Speaking of the admissions in 1854, he says:—“Several were in advanced stages of bodily disease; thus, I. C. expired in eight hours after his arrival at this hospital. He was removed from the vehicle in which he was brought to his bed, where he remained tranquil until the moment of his decease. The state of great prostration in which he was brought, forbade the employment of the usual washing-bath; nor was he subjected to the fatigue of being shaved (of which he stood in much need) in consequence of his exhaustion. F. G., aged 76 years, admitted with the marks of restraint round her wrists, survived eighteen days—only by the administration of wine and warmth. S. C., brought bound by straps and a strait-waistcoat in the afternoon of the 18th, was so convulsed and epileptic, that she died on the morning of the 20th, having scarcely spoken during the time she was in the asylum. Others were in advanced stages of dropsy, phthisis, and general paralysis, and, although in a hopeless condition, lived on for several weeks under the fostering care of the Institution. One poor girl, admitted from Lincolnshire, in a perfectly helpless condition (the delirium of fever having been mistaken for the ravings of insanity), was conveyed from the vehicle to a water-bed, where she has remained in a state of great suffering for upwards of twelve weeks, and is never likely again to recover the use of her limbs.”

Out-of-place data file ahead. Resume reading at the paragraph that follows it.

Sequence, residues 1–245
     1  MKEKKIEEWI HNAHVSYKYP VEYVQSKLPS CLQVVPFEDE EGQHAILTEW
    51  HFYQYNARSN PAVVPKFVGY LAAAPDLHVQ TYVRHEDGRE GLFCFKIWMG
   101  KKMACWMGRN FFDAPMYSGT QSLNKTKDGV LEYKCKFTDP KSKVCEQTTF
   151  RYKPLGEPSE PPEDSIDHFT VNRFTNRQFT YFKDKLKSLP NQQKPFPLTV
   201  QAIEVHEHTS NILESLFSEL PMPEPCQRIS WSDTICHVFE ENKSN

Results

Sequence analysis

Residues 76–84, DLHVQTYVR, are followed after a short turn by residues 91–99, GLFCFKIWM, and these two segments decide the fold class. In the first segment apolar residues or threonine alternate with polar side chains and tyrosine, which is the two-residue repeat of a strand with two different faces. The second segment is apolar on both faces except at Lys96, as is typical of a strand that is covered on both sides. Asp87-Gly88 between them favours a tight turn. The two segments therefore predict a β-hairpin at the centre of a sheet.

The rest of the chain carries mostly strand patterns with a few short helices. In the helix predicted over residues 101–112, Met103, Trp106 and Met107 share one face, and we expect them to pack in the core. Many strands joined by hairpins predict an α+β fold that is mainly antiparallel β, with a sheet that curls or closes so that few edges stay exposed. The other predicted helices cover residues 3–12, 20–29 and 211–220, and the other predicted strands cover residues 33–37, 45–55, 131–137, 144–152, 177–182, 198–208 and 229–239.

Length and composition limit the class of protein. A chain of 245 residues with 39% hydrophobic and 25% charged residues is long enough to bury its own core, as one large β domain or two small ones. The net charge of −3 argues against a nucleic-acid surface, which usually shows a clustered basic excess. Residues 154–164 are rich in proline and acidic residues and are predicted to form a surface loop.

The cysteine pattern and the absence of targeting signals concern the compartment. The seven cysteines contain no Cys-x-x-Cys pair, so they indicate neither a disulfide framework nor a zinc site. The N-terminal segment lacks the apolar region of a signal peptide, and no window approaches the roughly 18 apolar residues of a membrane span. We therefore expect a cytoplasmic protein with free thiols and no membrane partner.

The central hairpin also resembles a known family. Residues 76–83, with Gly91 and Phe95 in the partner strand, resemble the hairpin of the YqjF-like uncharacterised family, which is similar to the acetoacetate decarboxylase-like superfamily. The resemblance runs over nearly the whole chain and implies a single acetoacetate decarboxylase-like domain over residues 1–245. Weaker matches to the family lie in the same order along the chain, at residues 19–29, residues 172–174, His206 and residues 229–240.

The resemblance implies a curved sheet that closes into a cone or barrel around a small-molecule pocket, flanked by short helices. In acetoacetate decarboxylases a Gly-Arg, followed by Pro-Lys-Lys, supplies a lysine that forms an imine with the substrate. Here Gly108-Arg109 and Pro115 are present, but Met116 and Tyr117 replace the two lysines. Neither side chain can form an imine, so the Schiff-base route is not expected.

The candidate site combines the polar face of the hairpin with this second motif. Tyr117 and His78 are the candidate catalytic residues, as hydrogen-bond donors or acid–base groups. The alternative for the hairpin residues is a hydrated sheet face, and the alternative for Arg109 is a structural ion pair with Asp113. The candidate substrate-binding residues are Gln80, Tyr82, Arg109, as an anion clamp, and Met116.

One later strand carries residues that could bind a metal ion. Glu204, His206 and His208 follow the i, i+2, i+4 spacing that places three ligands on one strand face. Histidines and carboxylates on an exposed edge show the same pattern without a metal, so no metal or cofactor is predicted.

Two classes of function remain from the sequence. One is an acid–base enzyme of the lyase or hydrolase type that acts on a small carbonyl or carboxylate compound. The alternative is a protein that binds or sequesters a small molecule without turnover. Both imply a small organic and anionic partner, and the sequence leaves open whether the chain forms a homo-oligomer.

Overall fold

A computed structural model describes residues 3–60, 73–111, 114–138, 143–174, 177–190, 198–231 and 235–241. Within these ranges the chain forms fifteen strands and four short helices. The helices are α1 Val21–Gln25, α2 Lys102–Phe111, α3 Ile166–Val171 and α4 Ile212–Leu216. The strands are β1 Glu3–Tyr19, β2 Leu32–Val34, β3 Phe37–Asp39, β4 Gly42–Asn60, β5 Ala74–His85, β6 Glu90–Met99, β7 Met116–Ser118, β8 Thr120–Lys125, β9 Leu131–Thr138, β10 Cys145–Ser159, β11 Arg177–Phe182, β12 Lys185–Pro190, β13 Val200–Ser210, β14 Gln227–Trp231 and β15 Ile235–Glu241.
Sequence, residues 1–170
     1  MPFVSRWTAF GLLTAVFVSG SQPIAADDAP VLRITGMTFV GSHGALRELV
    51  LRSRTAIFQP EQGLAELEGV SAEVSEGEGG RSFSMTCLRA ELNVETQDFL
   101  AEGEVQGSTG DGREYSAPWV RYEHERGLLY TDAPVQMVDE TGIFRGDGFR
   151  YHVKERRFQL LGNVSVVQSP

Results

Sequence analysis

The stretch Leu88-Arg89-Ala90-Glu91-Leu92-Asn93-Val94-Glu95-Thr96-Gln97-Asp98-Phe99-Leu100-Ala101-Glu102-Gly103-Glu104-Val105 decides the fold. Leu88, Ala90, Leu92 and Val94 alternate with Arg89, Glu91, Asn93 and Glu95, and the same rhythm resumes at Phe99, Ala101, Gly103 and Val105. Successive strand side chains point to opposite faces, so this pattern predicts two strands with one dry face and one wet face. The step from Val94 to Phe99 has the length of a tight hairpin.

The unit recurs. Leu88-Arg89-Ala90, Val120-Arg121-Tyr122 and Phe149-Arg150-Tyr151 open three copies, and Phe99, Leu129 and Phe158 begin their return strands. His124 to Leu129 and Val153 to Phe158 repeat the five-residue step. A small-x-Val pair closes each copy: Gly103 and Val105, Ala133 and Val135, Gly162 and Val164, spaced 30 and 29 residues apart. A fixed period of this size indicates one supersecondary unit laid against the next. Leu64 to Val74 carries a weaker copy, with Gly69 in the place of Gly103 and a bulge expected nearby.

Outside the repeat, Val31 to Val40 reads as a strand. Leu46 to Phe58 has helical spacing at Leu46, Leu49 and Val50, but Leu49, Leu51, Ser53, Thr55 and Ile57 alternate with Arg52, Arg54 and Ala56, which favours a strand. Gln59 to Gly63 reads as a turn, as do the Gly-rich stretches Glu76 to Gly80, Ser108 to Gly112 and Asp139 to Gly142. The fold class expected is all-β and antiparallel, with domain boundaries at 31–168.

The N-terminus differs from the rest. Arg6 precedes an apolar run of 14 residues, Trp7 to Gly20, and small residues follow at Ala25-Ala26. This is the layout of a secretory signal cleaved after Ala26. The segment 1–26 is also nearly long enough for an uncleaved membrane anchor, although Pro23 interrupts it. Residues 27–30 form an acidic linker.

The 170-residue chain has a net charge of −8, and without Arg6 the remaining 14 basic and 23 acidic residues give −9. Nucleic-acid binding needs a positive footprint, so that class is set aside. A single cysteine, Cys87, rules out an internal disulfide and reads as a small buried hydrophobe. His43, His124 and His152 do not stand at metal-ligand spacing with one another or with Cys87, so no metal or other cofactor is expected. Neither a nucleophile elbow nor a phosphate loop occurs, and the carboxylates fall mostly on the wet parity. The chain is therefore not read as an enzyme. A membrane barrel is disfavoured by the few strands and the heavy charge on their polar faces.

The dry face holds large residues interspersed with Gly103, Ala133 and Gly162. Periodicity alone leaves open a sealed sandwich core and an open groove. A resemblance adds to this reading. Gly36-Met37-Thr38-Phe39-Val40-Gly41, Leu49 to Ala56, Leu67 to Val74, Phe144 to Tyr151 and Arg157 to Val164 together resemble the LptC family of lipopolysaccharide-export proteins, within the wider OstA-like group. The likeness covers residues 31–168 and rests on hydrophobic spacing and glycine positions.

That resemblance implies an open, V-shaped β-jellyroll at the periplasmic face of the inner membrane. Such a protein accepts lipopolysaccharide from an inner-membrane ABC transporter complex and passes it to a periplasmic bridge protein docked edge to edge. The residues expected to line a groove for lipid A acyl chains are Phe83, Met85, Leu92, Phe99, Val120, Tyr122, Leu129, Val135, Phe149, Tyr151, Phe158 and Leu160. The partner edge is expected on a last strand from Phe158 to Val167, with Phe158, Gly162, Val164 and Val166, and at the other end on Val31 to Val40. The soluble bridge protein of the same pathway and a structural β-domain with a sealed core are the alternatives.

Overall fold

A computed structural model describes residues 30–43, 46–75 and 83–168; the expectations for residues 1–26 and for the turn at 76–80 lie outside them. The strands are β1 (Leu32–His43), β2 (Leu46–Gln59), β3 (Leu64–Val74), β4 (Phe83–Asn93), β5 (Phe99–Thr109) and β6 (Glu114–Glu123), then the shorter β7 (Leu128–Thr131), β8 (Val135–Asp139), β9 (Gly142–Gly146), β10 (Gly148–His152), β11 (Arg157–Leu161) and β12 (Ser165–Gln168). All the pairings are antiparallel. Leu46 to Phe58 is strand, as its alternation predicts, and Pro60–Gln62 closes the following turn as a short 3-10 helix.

The experience of the Kent Asylum is similar. The age of eleven persons admitted in 1853 averaged 64, and twelve were from 72 to 75. “In many of these the malady was simply decay of mind, or was due to apoplectic seizures, and attended by palsy.”